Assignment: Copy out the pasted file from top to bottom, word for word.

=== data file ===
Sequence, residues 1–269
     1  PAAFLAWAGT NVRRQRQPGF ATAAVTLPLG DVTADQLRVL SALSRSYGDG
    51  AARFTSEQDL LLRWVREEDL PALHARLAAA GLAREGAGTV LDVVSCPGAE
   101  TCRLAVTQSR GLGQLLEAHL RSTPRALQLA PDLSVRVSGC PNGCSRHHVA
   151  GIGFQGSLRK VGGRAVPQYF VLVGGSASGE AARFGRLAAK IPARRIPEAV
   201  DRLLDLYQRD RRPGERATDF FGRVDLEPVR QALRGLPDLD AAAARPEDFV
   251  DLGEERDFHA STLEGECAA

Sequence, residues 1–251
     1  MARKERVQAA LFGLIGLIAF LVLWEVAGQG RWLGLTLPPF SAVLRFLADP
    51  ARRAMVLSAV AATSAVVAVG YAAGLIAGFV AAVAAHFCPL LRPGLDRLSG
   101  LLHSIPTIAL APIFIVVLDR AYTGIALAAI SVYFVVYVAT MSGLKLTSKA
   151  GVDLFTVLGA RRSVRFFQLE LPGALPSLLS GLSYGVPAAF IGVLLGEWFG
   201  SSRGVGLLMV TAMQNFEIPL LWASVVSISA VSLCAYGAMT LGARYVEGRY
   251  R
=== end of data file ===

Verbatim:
Sequence, residues 1–269
     1  PAAFLAWAGT NVRRQRQPGF ATAAVTLPLG DVTADQLRVL SALSRSYGDG
    51  AARFTSEQDL LLRWVREEDL PALHARLAAA GLAREGAGTV LDVVSCPGAE
   101  TCRLAVTQSR GLGQLLEAHL RSTPRALQLA PDLSVRVSGC PNGCSRHHVA
   151  GIGFQGSLRK VGGRAVPQYF VLVGGSASGE AARFGRLAAK IPARRIPEAV
   201  DRLLDLYQRD RRPGERATDF FGRVDLEPVR QALRGLPDLD AAAARPEDFV
   251  DLGEERDFHA STLEGECAA

Sequence, residues 1–251
     1  MARKERVQAA LFGLIGLIAF LVLWEVAGQG RWLGLTLPPF SAVLRFLADP
    51  ARRAMVLSAV AATSAVVAVG YAAGLIAGFV AAVAAHFCPL LRPGLDRLSG
   101  LLHSIPTIAL APIFIVVLDR AYTGIALAAI SVYFVVYVAT MSGLKLTSKA
   151  GVDLFTVLGA RRSVRFFQLE LPGALPSLLS GLSYGVPAAF IGVLLGEWFG
   201  SSRGVGLLMV TAMQNFEIPL LWASVVSISA VSLCAYGAMT LGARYVEGRY
   251  R